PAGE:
Erythema multiforme: histological features and mechanisms.

Author: Dr Delwyn Dyall-Smith, Dermatologist, 2009.

Histology of erythema multiforme

Skin biopsy of erythema multiforme (EM) may show in the epidermis/epithelium:

Dermal changes may include:

Direct immunofluorescence of erythema multiforme

Direct immunofluorescence is not specific. It may show deposition of immune proteins C3 and fibrin along the DEJ and IgM, C3 and fibrin around blood vessels.

Proposed mechanisms

Herpes simplex(HSV)-associated EM is a delayed type hypersensitivity (DTH) reaction that develops in response to infection in predisposed individuals. The process has been well studied and involves a number of steps:

  1. HSV infection of keratinocytes, which may or may not result in signs of clinical infection.
  2. CD34+ cells (Langerhans precursor cells) transport HSV DNA fragments to distant keratinocytes.
  3. HSV gene fragments are expressed in these distant keratinocytes. HSV DNA and HSV-encoded proteins can be detected in EM-affected epidermis. However HSV virus cannot be cultured.
  4. HSV-encoded proteins recruit HSV-specific CD4+ T helper cells.
  5. CD4+ T cells react to the HSV antigens by producing gamma-interferon.
  6. Gamma-interferon initiates an inflammatory cascade resulting in the skin eruption of EM.

Drug-induced EM involves a different mechanism with elevated tumour necrosis factor alpha rather than gamma-interferon and CD8+ cells and not CD4+ T helper cells.

Why is EM major now considered to be distinct from SJS/TEN?

EM major can usually be distinguished from SJS/TEN on a number of clinical criteria:.

  1. Type of skin lesion – the predominant skin lesion of EM is the typical and atypical target papules and plaques and not macules which develop into sheets of skin detachment as seen in SJS/TEN. Skin detachment of more than 1% of the body surface area is common in SJS/TEN but uncommon in EM.
  2. Distribution of the skin lesions – in EM the lesions are predominantly acrally distributed, i.e., begin on hands and feet. In SJS/TEN the eruption begins on the trunk.
  3. Mucosal involvement – although in EM major more than two mucous membranes can be affected, this is less common in EM and is milder (lesser severity and extent) compared to SJS/TEN.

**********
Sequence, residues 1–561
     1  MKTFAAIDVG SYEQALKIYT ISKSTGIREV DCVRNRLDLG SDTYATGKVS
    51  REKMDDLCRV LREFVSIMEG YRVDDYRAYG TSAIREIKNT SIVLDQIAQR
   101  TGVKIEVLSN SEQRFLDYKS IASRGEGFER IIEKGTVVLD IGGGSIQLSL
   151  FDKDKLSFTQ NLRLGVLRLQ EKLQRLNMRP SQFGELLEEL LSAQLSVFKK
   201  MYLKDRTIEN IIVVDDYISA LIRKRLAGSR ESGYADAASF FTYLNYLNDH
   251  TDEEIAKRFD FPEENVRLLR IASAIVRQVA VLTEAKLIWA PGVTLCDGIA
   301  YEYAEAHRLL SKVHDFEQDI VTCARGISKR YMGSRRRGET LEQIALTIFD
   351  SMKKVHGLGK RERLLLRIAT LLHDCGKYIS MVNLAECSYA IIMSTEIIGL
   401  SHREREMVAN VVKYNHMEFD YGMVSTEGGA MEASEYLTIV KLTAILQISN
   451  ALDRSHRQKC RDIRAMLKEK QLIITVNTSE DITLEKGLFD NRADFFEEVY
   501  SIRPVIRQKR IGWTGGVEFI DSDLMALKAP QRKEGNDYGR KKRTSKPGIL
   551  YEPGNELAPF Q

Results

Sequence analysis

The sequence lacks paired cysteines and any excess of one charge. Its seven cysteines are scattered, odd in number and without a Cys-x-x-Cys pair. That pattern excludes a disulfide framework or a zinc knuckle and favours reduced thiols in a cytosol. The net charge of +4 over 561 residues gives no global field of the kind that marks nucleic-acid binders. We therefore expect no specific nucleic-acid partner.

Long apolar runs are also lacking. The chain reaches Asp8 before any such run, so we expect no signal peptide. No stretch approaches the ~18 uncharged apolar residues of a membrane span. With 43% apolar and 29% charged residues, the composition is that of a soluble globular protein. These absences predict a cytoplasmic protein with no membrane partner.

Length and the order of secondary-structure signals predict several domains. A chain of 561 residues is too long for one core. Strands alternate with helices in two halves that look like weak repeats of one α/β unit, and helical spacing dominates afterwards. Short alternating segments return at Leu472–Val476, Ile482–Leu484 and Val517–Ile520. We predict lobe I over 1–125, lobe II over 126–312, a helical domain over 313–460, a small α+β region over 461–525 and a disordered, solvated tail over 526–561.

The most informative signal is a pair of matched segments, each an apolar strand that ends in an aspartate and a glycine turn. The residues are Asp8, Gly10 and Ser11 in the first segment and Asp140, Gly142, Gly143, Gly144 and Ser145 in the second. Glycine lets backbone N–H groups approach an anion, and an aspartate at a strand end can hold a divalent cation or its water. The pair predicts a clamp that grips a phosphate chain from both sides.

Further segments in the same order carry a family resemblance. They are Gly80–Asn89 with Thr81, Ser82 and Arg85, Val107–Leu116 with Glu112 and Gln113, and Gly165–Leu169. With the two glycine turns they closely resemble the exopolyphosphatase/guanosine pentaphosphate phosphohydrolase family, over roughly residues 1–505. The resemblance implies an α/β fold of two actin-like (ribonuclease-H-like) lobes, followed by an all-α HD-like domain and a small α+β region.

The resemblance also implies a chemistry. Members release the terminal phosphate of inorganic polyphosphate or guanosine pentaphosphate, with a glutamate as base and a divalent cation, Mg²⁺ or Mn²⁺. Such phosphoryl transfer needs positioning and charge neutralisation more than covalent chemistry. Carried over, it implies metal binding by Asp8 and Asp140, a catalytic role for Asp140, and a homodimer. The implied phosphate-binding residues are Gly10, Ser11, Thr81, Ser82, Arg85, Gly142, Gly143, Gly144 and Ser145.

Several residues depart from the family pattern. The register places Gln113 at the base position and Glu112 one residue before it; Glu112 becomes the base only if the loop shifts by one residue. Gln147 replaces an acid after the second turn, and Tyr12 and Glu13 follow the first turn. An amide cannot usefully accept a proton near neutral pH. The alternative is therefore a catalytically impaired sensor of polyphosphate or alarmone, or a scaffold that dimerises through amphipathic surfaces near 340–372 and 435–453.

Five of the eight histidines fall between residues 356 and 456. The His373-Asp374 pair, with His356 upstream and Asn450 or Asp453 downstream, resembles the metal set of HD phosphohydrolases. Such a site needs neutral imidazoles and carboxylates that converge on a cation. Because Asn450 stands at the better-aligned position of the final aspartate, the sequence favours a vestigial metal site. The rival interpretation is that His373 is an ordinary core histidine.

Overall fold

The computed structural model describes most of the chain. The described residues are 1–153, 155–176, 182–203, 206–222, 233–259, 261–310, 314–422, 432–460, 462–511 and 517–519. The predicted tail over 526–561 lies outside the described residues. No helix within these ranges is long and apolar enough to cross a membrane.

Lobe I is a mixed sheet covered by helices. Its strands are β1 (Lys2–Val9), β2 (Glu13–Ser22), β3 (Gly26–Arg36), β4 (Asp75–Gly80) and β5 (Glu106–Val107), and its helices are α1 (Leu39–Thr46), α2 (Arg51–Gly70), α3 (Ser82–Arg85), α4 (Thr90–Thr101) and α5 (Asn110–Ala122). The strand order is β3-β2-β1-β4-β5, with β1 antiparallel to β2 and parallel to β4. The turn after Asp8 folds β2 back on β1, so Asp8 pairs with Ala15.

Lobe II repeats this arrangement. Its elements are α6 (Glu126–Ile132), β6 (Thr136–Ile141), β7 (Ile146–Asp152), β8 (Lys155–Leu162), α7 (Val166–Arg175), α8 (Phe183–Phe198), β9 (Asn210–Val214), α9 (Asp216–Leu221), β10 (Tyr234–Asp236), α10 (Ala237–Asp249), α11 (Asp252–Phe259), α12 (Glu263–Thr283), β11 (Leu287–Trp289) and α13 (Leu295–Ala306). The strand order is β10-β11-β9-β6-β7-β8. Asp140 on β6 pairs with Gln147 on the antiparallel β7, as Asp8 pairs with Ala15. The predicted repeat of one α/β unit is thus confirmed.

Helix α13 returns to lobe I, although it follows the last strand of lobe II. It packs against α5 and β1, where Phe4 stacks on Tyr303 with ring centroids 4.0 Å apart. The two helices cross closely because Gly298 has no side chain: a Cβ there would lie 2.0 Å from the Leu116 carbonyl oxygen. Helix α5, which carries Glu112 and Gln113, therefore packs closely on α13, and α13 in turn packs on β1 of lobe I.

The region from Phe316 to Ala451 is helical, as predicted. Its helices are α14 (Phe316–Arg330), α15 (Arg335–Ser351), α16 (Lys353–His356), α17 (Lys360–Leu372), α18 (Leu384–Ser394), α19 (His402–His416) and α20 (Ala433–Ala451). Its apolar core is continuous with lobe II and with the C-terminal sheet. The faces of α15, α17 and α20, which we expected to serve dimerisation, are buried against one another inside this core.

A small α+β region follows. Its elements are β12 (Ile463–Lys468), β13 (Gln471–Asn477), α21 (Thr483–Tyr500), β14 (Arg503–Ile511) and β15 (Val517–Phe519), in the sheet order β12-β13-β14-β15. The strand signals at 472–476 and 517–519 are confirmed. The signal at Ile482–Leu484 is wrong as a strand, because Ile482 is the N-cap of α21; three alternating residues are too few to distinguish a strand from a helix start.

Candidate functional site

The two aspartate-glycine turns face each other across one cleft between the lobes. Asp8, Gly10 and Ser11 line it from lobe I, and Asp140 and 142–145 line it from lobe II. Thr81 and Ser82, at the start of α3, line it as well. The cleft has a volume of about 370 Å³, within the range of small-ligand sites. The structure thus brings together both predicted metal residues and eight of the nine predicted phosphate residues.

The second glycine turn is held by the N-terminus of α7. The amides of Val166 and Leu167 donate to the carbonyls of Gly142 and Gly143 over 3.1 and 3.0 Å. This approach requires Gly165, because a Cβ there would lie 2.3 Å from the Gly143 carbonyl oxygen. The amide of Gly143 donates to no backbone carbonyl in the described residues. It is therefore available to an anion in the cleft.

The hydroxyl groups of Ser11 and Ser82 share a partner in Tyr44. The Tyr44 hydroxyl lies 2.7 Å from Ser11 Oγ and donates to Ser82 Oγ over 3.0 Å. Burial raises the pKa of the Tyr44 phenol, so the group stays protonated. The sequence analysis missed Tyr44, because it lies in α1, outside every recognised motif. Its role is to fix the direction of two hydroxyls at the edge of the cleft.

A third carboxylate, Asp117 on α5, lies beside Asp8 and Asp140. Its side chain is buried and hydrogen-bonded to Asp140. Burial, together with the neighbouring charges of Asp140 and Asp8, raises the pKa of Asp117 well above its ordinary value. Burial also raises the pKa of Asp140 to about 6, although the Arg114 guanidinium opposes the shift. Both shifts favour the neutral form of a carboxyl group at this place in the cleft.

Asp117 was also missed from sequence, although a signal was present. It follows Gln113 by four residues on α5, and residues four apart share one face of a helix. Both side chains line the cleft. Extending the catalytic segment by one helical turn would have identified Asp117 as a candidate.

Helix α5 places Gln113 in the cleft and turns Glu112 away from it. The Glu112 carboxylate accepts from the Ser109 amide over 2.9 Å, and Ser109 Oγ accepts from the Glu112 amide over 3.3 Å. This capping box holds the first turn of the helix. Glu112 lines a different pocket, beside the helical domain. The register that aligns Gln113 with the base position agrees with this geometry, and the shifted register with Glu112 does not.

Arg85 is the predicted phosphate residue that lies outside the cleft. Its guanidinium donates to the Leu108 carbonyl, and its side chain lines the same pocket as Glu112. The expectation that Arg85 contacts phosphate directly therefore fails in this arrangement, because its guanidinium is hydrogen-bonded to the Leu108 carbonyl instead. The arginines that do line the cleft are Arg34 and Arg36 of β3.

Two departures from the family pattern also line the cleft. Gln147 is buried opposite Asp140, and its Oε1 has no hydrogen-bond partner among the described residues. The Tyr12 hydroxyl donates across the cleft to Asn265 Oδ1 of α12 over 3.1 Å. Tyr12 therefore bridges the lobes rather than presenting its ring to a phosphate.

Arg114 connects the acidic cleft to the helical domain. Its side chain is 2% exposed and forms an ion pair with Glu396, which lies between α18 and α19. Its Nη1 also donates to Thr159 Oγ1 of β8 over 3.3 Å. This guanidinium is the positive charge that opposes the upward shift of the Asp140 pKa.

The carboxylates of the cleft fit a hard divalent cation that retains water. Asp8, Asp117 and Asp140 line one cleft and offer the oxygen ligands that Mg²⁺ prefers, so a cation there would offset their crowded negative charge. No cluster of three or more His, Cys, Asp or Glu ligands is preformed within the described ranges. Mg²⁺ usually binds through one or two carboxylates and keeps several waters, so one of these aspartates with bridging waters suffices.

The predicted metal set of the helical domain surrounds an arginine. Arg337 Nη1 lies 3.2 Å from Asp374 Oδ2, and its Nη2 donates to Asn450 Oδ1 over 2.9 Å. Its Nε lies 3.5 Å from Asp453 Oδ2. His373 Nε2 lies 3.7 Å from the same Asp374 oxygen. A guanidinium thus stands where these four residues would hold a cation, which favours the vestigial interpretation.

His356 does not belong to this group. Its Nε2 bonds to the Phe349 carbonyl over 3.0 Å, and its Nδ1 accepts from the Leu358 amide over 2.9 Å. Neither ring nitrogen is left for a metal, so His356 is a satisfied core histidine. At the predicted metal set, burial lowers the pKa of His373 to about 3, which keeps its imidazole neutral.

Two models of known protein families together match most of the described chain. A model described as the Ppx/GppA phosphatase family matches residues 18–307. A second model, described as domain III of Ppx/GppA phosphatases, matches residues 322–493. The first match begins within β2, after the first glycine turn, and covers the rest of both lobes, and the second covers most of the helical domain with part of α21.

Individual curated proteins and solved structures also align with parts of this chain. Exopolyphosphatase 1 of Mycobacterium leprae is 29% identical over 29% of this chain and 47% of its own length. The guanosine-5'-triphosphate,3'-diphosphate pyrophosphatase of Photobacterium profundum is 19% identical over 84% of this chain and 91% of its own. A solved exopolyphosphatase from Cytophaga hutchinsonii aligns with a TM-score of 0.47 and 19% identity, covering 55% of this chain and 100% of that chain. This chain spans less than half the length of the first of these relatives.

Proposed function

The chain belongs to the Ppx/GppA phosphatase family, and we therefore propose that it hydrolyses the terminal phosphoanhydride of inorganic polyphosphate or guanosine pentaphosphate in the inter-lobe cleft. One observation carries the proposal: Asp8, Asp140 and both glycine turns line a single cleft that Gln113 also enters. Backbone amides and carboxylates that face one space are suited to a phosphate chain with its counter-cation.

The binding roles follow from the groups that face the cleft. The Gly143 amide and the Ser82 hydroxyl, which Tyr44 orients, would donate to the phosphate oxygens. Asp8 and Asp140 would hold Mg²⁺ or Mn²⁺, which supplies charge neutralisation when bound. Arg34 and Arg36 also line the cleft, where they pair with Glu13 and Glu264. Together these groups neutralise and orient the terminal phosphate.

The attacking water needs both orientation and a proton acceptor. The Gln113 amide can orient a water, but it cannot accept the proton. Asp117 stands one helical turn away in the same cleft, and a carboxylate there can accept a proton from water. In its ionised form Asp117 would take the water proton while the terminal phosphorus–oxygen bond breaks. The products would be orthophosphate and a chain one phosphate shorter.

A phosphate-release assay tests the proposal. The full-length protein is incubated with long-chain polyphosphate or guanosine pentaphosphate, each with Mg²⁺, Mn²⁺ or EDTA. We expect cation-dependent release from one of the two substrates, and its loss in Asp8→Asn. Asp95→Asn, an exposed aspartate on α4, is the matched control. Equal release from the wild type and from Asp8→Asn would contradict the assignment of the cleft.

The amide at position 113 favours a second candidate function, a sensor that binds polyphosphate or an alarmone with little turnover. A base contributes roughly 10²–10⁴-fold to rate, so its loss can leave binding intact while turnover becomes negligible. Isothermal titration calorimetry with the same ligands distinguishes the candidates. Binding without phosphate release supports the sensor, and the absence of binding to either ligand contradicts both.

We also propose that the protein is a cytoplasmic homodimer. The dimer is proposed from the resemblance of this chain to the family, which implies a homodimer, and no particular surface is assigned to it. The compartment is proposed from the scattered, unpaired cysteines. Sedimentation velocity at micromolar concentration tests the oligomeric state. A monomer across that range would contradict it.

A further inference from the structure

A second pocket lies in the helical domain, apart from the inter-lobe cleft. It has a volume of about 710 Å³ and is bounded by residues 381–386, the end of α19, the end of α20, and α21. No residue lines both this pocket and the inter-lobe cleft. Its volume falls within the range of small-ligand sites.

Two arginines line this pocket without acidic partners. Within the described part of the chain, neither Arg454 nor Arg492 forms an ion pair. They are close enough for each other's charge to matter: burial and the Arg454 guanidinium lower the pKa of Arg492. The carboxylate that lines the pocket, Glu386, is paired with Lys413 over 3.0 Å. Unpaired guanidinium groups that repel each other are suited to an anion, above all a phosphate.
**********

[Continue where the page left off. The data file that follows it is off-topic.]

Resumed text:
4. Systemic symptoms, e.g. fever, are absent or mild in EM but are prominent in SJS/TEN, especially in the prodromal period. Fever, when present in EM, is mild (<38.5C) compared to high fevers with SJS/TEN. Patients with SJS/TEN are systemically ill.
  5. Outcome and prognosis – virtually all patients with EM recover with no sequelae. SJS/TEN has significant morbidity and mortality.
  6. Recurrences – EM can recur frequently whereas recurrence is rare in SJS/TEN.

In addition, EM is predominantly a disease of young adults (median age 24 years), especially males, whereas SJS/TEN typically affects an older population (median age 45 years).

Other points of distinction.

  1. Skin biopsy histology – in EM there is more dermal inflammation and individual keratinocyte necrosis compared to SJS/TEN which shows minimal inflammation and sheets of epidermal necrosis.
  2. Triggers – EM is triggered by an infection in the majority of cases compared to SJS/TEN which is predominantly caused by drugs.
  3. Associations – EM is not associated with HIV, cancer and connective tissue disease, as reported with SJS/TEN. Tissue type marker associations are different.
  4. Mechanisms – EM involves CD4+ T cells and gamma-interferon whereas SJS/TEN involves Fas ligand, tumour necrosis factor alpha and CD8+ cells.

In the majority of cases, EM can be diagnosed as a distinct entity from SJS/TEN although there remain some patients in whom the distinction is not so clearcut.

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